Hundreds of people attended Goessel?s Country Threshing Days this past weekend?taking a step back in time to enjoy agricultural demonstrations, exhibits, food, entertainment and other family events.
Now in its 41st year, the Wheat Heritage Engine and Threshing Co. and the Mennonite Heritage and Agricultural Museum host the three-day event with the goal of fostering a legacy.
For James Wiens, a member of the WHEAT Co., it?s about preserving history.
Seated near an engine used for a cotton gin, circa 1930s, Wiens, now 65 years old, said he worked on engines even before he had a driver?s license.
?I got into this when there was a small threshing show at the (Marion) County Fair in Hillsboro in the 1960s,? he said.
Not long after that, Wiens said, the county?s show was discontinued, and the Goessel group started to emerge.
Initially, he said he worked with small engines, then tractors, but now spends most of his time on larger projects. One of them is a two-cylinder Fairbanks-Morse 100 horsepower, 2573?4 revolutions per minute.
?It was originally used to run a cotton gin,? he said. ?There were five or six gin heads and burnt out remnants of a facility when we went to get it in Coweta, Okla., a little town south of Tulsa.?
The facility was still smoldering from the fire.
?The engine was not in the same building, but in a separate building,? Wiens added. ?That building was torn down so there wasn?t enough wood around the engine to burn it down.?
The engine used for the cotton gin has become a permanent fixture in the WHEAT building for about 25 years.
?It is a very permanent fixture weighing over 20,000 pounds, plus the concrete base,? he said.
?When the cotton grower grew his cotton, he would bag it and bale it,? Wiens said. ?The ginning process removed seeds from cotton bolls, making it into relatively clean cotton.?
This particular engine was originally capable of running five or six units.
?The engine runs on diesel fuel, but it could also run on furnace oil,? he said. ?I am not sure how far (this engine) could deviate from regular diesel fuel, but some did allow heavier oils.?
Scanning the building that houses five other large engines, Wiens pointed to one that used to provide the horsepower needed to run the city of Canton?s municipal power plant.
?They discontinued (using the power plant) years ago,? he said, ?and we have been waiting for 30 to 35 years for (that engine) to become available.
?We would quietly check on it once every year or two until it finally was available.?
On moving day, he said, it took three club members to remove the engine from the concrete, load it and then transport it from Canton to Goessel.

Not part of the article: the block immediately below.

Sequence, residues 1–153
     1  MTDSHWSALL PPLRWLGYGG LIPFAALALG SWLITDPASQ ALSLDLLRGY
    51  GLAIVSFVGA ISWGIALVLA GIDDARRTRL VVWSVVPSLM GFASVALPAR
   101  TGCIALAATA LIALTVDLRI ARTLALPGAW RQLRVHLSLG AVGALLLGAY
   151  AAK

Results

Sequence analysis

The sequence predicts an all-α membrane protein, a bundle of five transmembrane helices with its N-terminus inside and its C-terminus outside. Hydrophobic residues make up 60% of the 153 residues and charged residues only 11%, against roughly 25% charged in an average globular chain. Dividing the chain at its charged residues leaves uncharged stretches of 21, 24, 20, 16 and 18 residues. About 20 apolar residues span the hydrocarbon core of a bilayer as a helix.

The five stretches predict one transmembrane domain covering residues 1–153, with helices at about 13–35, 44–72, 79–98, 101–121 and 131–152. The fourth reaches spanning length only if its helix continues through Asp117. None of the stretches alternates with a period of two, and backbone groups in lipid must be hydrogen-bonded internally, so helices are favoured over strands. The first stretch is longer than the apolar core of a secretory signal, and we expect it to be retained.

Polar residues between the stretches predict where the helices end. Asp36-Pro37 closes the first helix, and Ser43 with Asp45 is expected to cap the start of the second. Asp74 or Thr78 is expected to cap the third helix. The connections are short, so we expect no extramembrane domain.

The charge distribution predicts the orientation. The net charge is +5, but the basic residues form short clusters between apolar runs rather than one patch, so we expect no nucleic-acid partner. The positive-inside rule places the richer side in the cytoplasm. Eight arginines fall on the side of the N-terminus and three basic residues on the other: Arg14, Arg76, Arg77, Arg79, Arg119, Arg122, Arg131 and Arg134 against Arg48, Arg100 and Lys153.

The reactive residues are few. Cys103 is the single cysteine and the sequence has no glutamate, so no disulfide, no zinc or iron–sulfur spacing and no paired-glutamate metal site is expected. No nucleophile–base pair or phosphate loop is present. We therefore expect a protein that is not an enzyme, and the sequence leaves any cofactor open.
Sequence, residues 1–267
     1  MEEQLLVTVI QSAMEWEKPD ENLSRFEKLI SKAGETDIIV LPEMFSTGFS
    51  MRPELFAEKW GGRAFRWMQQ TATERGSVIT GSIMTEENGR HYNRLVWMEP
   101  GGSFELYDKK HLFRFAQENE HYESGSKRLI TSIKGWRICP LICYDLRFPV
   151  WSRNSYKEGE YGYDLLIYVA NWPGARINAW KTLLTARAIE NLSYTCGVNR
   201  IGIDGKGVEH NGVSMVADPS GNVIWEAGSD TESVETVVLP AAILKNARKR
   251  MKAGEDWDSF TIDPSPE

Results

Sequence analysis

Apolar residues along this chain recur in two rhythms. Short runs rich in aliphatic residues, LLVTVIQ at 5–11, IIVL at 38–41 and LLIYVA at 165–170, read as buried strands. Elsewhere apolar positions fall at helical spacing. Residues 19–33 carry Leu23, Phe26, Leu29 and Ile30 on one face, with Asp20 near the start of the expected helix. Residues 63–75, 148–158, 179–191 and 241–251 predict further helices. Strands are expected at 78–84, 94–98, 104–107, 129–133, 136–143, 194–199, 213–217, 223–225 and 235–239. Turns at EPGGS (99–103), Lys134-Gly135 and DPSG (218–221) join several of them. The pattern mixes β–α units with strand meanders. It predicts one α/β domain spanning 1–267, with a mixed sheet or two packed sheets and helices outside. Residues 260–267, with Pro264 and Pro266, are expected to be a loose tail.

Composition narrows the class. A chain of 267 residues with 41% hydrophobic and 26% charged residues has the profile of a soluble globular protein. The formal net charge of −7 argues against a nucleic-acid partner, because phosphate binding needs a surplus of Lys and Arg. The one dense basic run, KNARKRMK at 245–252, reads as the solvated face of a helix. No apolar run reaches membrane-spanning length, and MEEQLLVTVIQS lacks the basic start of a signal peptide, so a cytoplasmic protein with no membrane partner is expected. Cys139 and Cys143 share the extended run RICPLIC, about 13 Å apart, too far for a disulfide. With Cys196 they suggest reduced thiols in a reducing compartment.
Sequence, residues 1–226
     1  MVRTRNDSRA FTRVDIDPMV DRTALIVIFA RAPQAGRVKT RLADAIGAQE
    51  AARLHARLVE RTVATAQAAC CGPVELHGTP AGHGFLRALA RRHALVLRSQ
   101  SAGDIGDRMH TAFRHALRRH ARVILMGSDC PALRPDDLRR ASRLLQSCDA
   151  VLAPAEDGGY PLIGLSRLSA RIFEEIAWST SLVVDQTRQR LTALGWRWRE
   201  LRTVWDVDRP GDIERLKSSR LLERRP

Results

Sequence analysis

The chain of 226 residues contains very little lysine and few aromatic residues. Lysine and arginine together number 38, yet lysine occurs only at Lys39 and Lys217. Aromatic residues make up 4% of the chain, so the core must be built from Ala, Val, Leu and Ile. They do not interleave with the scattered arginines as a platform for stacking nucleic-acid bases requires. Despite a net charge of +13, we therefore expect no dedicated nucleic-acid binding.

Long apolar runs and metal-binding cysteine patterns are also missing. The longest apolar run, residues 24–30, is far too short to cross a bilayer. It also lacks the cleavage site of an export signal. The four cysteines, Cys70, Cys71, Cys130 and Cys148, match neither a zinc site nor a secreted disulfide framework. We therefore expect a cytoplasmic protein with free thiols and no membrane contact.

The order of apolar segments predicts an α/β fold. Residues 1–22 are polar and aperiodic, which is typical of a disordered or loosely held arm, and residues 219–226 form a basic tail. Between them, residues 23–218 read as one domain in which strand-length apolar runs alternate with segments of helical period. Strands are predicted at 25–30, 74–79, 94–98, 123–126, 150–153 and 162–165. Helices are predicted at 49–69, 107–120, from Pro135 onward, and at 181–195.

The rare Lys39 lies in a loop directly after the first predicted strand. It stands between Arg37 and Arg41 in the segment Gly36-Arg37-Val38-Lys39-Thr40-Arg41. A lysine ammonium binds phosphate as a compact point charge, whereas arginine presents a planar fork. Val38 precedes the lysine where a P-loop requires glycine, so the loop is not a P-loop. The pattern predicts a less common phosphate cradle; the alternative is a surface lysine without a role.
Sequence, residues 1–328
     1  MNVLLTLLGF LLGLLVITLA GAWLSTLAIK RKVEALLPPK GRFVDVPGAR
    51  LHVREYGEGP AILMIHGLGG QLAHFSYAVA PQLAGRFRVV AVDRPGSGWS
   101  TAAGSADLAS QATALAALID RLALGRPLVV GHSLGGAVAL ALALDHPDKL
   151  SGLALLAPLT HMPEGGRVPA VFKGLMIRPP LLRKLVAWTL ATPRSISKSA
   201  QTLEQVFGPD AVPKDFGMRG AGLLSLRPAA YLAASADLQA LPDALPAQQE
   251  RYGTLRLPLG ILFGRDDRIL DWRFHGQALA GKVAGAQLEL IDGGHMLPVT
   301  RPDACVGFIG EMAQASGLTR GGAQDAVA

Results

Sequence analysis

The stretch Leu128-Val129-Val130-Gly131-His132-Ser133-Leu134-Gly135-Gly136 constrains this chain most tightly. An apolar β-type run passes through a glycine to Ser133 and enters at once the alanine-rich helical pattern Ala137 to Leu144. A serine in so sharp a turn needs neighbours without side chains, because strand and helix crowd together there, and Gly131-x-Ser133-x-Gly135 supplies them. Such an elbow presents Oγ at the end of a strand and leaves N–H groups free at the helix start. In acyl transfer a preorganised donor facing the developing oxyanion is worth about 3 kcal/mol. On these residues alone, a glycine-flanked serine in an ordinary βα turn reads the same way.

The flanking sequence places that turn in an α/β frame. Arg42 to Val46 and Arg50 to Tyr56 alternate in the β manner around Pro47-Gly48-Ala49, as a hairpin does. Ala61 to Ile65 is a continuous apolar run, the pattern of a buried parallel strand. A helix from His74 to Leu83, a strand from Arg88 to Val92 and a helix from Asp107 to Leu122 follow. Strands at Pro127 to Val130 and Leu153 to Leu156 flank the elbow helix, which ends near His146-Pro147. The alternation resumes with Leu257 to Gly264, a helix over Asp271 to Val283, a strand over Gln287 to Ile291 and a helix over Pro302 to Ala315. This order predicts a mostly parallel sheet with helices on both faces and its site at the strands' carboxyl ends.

The club has also acquired an engine used for municipal power at Perry, Okla., and another supplying power for an alfalfa mill and, earlier, an oil field.
A lot of interesting stories could be told, he said, about ?engine- fetching trips.?
One particularly fond memory, he said, involved the trip to Coweta.
?We had two semis, seven or eight other vehicles and 28 men descending on a site to take some equipment apart, load it and go home on a non-stop trip,? he said.
The man in Oklahoma who was there to meet club members had doubts whether the group could take it apart in one day.
?He hired a crane to load for us,? Wiens said. ?I don?t know how many thousands of dollars he spent helping us get it loaded, but because they were also strip-mining coal out from under it, they wanted (the engine) out of the way.?
Once loaded, Wiens said club members had the engine, compressor and other mechanisms loaded onto two semis.
?The caravan was headed home with a few truck breakdowns on the way.?
Wiens said somebody once asked him if this was everyone?s profession?moving engines and large equipment.
With a smile, he said: ?One man teaches music, one is a biology teacher in college, one is a pig farmer and another does mechanic work. I did tool-and-die work at a factory (years ago), maintenance and whatever else.?
Times are changing
For Wiens and some of the other men in the club, age is beginning to work against them.
?We are all getting older and slower, but we used to do a lot of fun things,? he said. ?We would get up at 4 a.m., load up a bunch of people and head out to pick up (equipment).?
Wiens said he hopes younger people will consider keeping the tradition alive.
?We (club members) want to pass this history on to future generations, and not just have to scrap (the engines and equipment) and see it die when we do,? he said.
For more information about WHEAT Co., visit: wheatco.org.